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story.lead_photo.caption Democratic vice presidential candidate Sen. Kamala Harris, D-Calif., speaks during a tour of the IBEW 494 training facility Monday, Sept. 7, 2020, in Milwaukee. (AP Photo/Morry Gash)

MILWAUKEE (AP) — Democratic vice presidential nominee Kamala Harris met the family of a Wisconsin man shot by police last month to kick off her Labor Day visit to a critical swing state, while President Donald Trump assailed the Democratic ticket and tried to put the halting economic recovery under the best light.

Harris gathered with Jacob Blake's father, two sisters and members of his legal team at the airport in Milwaukee while Blake's mother and attorney Ben Crump joined by phone. Blake joined the conversation by phone from his hospital bed, and Harris told him she was proud of him for how he was working through his pain, his attorneys said in a statement. Harris also spoke individually to each member of the family and discussed Biden's police reform agenda, they said.

Joe Biden met with the family last week in Milwaukee before visiting Kenosha, the city where police shot Blake.

The meeting kicked off a packed day of Labor Day campaign events, with Harris meeting International Brotherhood of Electrical Workers union members and Black business owners in Milwaukee. Vice President Mike Pence, also sent to Wisconsin, toured an energy facility in La Crosse before delivering a speech that touched on jobs, the economy and protests in Kenosha.

"We will have law and order in every city in this country for every American of every race and creed," Pence said.

At a news conference from the White House, Trump attacked Biden as a leader incapable of handling the coronavirus and reviving the economy and pledged his own "undying loyalty to the American worker." He said Biden and Harris would "destroy this country and would destroy this economy."

Biden, meanwhile, was collecting a trio of endorsements from organized labor as he headed to Harrisburg, Pennsylvania, for an AFL-CIO virtual town hall with union President Richard Trumka.

Meeting first with local labor leaders in the backyard of a supporter's home in Lancaster, Pennsylvania, Biden spoke about trade, coronavirus and the economy as he criticized Trump for "refusing to deal with the problems that affect ordinary people" and called for strengthening unions.

The four attendees expressed support for Biden and frustration with Trump's policies.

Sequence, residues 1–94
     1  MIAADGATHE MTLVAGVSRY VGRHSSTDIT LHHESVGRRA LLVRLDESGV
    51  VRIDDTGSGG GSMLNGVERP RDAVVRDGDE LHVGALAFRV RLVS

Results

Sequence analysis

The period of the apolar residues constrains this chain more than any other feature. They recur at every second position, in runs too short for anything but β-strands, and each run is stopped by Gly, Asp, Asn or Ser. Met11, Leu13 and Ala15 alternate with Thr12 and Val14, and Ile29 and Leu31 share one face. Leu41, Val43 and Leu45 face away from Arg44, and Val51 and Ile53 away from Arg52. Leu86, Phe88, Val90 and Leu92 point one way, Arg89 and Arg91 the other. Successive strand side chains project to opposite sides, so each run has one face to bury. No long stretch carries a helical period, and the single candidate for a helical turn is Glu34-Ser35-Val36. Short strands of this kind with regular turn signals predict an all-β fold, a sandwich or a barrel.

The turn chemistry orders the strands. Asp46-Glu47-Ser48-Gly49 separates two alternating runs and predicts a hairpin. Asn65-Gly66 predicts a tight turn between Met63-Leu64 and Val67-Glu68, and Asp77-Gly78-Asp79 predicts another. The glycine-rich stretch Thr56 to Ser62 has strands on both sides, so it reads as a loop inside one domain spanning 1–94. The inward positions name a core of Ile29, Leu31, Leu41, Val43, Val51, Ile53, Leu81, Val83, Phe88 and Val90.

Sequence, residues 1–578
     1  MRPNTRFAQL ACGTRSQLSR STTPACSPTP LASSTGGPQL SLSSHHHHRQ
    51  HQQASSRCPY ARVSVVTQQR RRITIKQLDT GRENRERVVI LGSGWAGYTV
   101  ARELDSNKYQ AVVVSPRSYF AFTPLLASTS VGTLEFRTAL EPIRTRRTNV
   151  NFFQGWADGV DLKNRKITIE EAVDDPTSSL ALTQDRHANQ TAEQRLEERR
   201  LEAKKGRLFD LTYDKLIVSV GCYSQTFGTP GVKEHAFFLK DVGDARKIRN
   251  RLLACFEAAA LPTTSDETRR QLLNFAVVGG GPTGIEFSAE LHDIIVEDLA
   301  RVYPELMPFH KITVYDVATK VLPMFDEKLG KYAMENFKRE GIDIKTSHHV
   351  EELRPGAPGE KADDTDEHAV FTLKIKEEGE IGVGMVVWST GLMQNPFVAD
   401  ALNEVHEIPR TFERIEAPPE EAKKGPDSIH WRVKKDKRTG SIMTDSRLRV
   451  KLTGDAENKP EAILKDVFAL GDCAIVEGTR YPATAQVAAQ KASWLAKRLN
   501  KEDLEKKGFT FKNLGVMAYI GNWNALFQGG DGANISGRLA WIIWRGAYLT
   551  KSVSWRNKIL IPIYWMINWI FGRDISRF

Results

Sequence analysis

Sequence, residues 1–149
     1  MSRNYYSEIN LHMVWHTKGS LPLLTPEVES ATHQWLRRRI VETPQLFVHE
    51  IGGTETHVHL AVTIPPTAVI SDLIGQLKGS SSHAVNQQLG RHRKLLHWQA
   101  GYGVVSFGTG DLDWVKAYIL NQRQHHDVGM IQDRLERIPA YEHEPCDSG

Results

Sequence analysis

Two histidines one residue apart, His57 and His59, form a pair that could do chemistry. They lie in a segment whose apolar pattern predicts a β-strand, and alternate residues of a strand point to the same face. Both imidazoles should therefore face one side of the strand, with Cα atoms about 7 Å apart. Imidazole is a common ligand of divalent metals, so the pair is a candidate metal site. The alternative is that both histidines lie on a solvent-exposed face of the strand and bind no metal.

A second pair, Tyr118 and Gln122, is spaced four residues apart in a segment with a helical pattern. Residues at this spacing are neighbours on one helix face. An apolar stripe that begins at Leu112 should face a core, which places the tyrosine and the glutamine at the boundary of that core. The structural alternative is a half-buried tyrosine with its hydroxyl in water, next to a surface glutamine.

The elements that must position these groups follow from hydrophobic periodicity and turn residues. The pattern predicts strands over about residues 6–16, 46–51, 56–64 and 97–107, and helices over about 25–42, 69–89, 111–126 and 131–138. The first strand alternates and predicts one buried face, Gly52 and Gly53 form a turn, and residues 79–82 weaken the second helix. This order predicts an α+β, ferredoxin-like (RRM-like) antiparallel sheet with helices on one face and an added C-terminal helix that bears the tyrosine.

"I can't understand what's going on today, I'm lost," said Bob Faust, a member of the local Ironworkers Union. "I get choked up when I think about the direction this country's going in at this time. We need your help."

Harris' morning meeting with Blake's family again underscored the two campaigns' differing approaches to addressing police shootings of Black men and women and the resulting protests, including some that have been violent. While Harris and Biden have met with Blake's family, during a recent visit to Kenosha, Trump meet law enforcement officials and touring damage to businesses from the protests.

Trump's win in Wisconsin in 2016 helped to send him to the White House. The state's importance was underscored by all four candidates campaigning there over the past week.

The Biden campaign believes its labor support could help get out the vote in states like Wisconsin and Pennsylvania.

According to details shared first with the Associated Press, the campaign will announce three union endorsements: the Laborers' International Union of North America, the International Union of Elevator Constructors and the National Federation of Federal Employees, collectively representing hundreds of thousands of union workers nationwide who can be mobilized to support the campaign.

Labor Day typically marks the unofficial start to the fall campaign season as candidates accelerate their activity for the final sprint to Election Day. However, Monday's events are playing out this year against the backdrop of a pandemic that has upended campaigning, forcing much of the candidates' traditional activity online.

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